Clubs, players and lawyers have activated all the mechanisms to protect themselves from the impact of the UK’s departure from Europe, which puts the world’s most powerful football league at risk.
The UK Premier League, favoured for its ability to generate income and attract the best talent in the world with the highest salaries, now hangs on Brexit, which could make its business very difficult. Clubs, players and offices are working hard to lessen the impact, though without yet knowing the rules of the future.
What is clear is that the UK could leave the territory of the European Economic Area. And that the FA (English Football Association) wants to take advantage of the possible end to the free movement of people to favour local players by tightening up the criteria for obtaining work permits in football. This is a serious problem for the UK, which has built its success on buying the best stars from around the world, attracted by the generous salaries. Thanks to its EU membership, it has filled its clubs with Europeans (including South American or African internationals with dual nationality), who can play without restrictions or work permits. In fact, the ever-declining proportion of UK and Irish footballers now represents only 41% of the Premier. Those from the rest of the EU, who would need the same work permit as foreigners, account for another 41%, while the share of non-EU players is 18%. In short: with the Brexit, 59% would become foreigners. What will happen now? How will the Brexit affect them?
Harvard University provides a conclusive figure: 591 of the 1,022 player transfers (almost 58%) that have taken place to the Premier League since its beginnings in 1992 would not have qualified for a work permit at the time of their transfers if the UK had been outside the EU. The rules are tough to obtain such a work permit. For instance, non-EU players must have played between 30% and 75% of their respective national team’s matches in the two years prior to their transfer. The percentage varies depending on the country and its position in the FIFA ranking.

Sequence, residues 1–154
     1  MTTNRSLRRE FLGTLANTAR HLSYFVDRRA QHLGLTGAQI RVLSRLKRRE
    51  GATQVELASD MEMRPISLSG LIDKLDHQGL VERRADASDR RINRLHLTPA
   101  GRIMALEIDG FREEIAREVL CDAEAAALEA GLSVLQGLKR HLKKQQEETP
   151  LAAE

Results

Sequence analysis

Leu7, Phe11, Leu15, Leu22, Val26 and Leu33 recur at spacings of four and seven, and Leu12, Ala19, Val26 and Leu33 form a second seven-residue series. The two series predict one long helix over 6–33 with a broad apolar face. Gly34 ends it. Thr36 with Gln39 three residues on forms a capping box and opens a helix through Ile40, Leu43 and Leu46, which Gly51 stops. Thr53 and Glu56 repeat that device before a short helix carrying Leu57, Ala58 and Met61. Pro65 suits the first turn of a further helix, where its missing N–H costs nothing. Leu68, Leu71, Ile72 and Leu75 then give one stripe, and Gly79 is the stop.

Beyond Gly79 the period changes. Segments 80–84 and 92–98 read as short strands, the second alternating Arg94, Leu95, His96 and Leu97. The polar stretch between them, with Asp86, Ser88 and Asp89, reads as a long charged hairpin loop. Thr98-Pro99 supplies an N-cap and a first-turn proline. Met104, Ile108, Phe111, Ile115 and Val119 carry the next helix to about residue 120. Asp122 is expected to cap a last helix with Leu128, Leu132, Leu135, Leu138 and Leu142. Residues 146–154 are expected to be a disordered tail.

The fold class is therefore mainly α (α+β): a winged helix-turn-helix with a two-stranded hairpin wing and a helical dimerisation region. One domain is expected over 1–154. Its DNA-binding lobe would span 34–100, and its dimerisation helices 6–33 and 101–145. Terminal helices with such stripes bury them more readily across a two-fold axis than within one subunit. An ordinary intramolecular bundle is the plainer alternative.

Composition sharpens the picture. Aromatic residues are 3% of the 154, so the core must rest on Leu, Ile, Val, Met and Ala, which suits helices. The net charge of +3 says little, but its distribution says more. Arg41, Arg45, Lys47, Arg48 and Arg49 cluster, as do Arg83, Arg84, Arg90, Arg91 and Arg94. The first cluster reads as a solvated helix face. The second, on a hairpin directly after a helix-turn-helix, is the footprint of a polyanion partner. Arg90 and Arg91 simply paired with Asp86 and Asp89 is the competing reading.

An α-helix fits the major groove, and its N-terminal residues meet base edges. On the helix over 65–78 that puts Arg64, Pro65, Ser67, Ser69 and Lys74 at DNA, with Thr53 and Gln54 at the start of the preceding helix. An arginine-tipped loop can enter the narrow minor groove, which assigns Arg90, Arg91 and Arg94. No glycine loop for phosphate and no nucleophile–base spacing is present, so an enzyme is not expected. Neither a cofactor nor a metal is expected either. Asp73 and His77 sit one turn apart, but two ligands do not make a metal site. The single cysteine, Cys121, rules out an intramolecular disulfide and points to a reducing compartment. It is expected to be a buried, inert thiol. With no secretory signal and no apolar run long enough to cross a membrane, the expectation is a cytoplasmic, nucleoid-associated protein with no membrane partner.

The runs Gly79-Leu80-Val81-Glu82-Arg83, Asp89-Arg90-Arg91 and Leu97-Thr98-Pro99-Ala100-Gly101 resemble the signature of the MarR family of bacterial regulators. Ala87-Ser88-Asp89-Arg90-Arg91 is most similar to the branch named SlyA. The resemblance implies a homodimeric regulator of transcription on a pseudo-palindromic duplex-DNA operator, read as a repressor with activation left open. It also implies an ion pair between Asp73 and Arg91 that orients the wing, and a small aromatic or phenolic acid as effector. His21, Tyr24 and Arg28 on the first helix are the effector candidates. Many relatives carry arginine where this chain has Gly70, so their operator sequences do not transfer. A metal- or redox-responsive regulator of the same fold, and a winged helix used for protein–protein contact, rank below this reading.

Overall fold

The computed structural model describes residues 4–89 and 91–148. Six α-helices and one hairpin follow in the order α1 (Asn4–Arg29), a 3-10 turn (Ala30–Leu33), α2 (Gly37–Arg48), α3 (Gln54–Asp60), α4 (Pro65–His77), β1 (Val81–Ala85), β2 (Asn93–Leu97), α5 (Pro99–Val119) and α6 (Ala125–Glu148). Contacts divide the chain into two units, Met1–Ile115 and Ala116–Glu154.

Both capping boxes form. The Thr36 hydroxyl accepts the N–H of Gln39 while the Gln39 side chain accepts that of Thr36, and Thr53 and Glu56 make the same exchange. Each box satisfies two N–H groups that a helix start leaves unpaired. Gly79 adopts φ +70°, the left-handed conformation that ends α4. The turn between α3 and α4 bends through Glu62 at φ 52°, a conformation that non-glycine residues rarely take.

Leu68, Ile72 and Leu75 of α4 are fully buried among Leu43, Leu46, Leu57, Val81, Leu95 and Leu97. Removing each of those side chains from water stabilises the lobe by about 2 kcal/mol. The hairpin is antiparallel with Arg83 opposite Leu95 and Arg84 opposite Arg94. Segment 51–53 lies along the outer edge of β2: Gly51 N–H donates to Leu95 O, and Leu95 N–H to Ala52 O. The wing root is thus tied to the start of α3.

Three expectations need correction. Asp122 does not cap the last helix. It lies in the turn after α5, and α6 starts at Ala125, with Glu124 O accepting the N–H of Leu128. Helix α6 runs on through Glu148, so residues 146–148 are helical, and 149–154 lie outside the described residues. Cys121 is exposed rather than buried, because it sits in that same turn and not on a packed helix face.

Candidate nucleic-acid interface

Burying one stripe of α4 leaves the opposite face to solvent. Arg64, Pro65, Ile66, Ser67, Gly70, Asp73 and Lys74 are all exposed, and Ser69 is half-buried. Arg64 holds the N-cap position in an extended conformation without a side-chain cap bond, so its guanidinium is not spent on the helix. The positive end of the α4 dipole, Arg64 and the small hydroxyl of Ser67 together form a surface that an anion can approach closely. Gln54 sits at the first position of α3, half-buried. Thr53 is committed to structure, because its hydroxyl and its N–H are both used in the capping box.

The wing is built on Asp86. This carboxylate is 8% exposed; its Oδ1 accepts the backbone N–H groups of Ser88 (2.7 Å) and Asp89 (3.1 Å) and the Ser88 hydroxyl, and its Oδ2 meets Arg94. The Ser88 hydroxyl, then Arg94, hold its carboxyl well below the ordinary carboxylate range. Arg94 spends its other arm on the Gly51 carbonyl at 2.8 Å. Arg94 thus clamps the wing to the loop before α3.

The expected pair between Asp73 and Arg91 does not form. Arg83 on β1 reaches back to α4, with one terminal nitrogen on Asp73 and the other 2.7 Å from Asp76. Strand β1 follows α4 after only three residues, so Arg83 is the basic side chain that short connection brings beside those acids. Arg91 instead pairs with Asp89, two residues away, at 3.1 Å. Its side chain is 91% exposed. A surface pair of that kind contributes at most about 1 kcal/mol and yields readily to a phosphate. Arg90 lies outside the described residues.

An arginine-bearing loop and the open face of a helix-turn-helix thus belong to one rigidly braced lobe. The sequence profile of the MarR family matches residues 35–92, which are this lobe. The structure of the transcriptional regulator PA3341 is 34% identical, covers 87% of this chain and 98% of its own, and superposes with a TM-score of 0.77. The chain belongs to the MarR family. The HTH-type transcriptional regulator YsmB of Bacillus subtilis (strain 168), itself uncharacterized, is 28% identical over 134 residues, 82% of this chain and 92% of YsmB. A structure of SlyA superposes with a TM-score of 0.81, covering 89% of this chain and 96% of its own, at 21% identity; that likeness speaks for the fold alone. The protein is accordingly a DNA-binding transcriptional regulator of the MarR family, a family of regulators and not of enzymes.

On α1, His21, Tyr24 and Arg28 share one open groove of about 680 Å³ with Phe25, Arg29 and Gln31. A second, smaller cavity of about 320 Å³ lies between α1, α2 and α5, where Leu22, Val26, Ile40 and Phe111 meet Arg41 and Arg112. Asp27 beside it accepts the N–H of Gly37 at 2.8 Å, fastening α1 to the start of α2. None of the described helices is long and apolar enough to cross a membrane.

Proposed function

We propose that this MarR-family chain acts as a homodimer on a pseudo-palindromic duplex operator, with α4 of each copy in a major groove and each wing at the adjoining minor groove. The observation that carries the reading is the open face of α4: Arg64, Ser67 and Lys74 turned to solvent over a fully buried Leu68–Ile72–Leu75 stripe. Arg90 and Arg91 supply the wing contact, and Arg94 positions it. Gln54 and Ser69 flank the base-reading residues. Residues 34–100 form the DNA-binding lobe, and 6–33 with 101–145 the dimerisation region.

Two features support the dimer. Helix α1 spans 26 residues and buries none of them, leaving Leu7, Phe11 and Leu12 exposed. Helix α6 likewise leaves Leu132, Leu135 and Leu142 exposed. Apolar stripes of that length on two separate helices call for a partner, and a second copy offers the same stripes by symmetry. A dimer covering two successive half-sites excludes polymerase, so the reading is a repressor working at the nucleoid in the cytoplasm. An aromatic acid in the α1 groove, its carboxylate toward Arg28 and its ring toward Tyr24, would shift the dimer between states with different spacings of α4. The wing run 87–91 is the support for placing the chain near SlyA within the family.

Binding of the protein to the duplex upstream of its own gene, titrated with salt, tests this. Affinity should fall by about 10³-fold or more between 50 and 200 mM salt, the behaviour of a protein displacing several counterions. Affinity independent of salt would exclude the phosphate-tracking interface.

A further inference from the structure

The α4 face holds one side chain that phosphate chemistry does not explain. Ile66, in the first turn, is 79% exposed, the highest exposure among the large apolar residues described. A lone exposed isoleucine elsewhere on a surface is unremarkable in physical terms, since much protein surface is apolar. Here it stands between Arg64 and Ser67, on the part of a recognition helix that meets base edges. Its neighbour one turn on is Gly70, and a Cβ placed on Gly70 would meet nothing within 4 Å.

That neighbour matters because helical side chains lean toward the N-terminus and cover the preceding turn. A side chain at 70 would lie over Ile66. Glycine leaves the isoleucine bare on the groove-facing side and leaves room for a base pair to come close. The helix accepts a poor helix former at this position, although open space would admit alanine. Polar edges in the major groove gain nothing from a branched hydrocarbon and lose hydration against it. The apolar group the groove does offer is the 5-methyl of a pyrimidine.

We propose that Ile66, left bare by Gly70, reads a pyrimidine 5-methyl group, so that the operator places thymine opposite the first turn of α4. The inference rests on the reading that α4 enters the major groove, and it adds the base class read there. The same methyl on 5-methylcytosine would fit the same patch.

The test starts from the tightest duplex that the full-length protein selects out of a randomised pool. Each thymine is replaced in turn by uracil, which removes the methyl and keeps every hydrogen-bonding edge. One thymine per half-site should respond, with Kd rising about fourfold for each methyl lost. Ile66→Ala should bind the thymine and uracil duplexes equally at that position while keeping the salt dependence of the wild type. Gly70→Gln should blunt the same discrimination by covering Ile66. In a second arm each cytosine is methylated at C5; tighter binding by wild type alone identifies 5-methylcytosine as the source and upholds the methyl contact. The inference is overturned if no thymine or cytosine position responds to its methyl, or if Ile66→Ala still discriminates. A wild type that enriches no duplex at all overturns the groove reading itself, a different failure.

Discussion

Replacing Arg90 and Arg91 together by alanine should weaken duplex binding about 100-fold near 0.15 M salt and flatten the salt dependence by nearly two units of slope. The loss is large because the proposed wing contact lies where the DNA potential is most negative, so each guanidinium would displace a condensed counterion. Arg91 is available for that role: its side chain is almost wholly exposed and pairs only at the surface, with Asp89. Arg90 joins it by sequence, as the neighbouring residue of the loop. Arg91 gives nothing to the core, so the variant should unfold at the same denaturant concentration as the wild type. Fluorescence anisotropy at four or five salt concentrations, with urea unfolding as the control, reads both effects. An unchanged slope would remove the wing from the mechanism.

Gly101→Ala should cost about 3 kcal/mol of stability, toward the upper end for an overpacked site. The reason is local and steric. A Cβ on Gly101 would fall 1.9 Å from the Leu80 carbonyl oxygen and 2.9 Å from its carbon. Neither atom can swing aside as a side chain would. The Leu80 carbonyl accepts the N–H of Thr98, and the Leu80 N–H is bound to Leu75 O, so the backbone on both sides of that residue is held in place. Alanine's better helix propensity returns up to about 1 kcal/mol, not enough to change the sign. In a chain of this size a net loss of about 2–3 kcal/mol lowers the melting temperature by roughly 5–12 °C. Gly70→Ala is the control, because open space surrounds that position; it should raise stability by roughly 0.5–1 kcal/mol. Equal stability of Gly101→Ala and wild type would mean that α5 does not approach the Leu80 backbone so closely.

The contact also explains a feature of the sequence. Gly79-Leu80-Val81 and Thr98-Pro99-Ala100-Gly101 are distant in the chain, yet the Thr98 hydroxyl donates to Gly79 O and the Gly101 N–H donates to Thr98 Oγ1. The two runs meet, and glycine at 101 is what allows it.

“The elimination of the concept of free movement would require finding a model so that EU citizens can participate as foreigners in the English league,” concludes Alberto Palomar, a partner of Broseta. And vice versa, “it forces a reformulation of national regulations because the English will become foreigners. Mario Resino, Sports director of KPMG, understands that “whatever the final terms of the agreement, there will be a transitional period to adapt the new conditions applicable to players who had been enjoying the status of the EU, so they do not have to meet immediately the requirements applicable to non-EU.”
If the UK does not remain in the European Economic Area, the Premier will not be able to sign 16-year-old players, as is allowed between EU clubs. They will have to wait until they turn 18, which will also influence the junior players, which includes players (even if they are not British) who have been with a club for at least three years before they turn 21.
The FA wants clubs to have a minimum of eight of the 25 players in their squads, thus limiting the options for non-British players. At the same time, to benefit its national team, it intends to reduce the number of players trained outside the United Kingdom from 17 to 12, allowing foreigners to be signed freely in return.
Its devaluation against the euro in the face of Brexit’s uncertainty has already taken a toll on transfers to clubs, which must spend more to sign the same talent. Havard fears that this expense will be passed on to the user, increasing tickets and television rights. An immediate effect of the pound is already being felt at United, for years the richest club in the world, which has now been overtaken by Barça and Real Madrid, according to Deloitte and KPMG. The solution for those staying in England? Negotiate clauses in other currencies, especially in euros, to shield themselves from possible devaluations and ensure their wages.
Outside the EU, the Premier will not be obliged to offer different lots to multiple operators, which would revolutionize the market. In the event of a monopoly in favour of British telcos, the prices of television subscriptions would also be affected. At the same time, if less talent signs up, it will lose its audiovisual appeal.
Problems for fans
British citizens have so far travelled without any problem across EU territory to watch Champions’ or Europa League matches. The ease of travel ends with Brexit and could raise the price of visas.
The Premier is the priority in the negotiations, but many more sports are affected such as Formula 1, cricket, rugby, golf, athletics or horse racing.